[3] See United States v. Balsys, 524 U.S. 666 (1998).

[4] Most notably the Serious Fraud Office under the ‘Section 2’ powers of the Criminal Justice Act 1987, but also the Financial Conduct Authority, the National Crime Agency and Her Majesty’s Revenue & Customs.

[5] In criminal cases, a separate mutual assistance regime applies, governed by the UK/US Treaty on Mutual Legal Assistance in Criminal Matters (Treaty Series No.4 (1997)) and the Crime (International Co-operation) Act 2003, both of which provide for the right to self-incrimination protection in each jurisdiction to be protected.

[6] Although as observed by the court in MicroTechnologies LLC v Autonomy Inc [2016] EWHC 3268 QB, it should strive to achieve the same result as if the proceedings had been heard in the US.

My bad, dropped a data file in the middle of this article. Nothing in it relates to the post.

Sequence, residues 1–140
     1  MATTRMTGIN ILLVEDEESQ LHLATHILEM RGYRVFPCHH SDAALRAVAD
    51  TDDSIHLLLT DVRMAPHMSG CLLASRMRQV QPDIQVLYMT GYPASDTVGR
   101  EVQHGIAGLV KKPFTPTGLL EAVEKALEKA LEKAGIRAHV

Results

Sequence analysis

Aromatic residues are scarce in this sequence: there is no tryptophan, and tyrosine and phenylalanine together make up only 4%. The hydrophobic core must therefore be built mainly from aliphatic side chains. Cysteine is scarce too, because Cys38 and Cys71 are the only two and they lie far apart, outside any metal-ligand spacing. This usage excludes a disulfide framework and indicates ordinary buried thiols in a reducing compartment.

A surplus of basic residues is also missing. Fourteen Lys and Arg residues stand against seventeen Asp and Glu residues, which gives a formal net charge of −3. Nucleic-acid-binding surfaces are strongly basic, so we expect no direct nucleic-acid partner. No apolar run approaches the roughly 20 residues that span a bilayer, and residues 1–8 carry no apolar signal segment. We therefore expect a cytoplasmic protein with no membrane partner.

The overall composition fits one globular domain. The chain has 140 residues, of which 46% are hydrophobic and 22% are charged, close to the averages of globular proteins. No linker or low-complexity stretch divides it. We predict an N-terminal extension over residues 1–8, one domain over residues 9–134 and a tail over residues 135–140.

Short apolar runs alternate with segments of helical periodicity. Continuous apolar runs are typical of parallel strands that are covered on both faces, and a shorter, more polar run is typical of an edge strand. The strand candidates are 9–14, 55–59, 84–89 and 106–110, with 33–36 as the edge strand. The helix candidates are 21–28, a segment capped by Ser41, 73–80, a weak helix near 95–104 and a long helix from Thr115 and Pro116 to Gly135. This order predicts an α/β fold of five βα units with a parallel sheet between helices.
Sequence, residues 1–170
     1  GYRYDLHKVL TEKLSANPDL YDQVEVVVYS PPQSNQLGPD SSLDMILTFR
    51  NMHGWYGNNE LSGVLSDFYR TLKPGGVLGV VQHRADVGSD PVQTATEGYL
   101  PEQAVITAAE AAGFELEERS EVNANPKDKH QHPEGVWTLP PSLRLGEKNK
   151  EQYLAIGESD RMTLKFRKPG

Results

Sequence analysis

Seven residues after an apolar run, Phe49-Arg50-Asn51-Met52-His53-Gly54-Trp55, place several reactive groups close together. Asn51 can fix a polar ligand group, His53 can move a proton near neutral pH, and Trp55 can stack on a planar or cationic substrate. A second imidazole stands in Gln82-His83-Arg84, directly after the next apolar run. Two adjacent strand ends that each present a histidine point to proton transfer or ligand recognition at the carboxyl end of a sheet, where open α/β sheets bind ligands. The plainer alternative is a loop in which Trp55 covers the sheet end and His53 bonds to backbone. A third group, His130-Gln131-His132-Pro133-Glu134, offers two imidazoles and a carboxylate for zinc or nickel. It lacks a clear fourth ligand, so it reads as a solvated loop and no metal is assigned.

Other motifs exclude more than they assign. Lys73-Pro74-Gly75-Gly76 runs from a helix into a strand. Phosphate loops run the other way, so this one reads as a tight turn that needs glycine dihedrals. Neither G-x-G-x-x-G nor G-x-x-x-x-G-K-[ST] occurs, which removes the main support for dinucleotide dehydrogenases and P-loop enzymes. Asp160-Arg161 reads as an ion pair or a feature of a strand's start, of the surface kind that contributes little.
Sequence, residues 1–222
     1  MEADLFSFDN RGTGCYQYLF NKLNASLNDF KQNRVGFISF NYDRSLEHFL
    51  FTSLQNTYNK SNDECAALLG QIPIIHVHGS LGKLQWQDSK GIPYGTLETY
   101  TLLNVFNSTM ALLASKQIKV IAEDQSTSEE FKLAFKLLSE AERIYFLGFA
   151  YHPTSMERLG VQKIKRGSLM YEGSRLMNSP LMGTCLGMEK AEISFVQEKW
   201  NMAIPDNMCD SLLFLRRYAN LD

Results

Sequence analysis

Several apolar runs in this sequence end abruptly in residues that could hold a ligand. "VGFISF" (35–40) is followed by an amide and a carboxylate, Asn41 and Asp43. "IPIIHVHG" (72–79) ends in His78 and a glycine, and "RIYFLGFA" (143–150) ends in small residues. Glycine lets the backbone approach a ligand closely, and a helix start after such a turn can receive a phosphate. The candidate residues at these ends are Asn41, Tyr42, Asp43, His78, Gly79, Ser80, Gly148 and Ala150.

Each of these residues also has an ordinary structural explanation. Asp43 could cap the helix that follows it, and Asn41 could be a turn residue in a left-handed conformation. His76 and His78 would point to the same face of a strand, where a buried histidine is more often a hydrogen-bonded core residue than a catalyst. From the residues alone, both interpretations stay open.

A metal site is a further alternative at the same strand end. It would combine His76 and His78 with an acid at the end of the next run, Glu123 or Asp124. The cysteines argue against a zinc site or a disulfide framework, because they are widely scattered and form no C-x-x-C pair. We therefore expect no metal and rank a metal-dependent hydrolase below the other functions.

[7] Should there be a dispute between the parties as to whether a privilege or duty exists, the English Civil Procedure Rules lay down a process whereby the Examiner or the court may order the witness to provide the evidence nonetheless. The Senior Master of the High Court will then hold the disputed evidence, and ask the requesting court to rule on whether the witness was entitled to refuse, following which the disputed evidence will be provided or retained as appropriate.

[8] JSC BTA Bank v Ablyazov & Khrapunov [2016] EWHC 289 (Comm).

[9] Westinghouse Electric Corp Uranium Contract Litigation MDL Docket 235 (No.2) [1978] AC547 at p574.

[10] Ibid. at p574.

[11] MicroTechnologies LLC v Autonomy Inc [2016] EWHC 3268 (QB).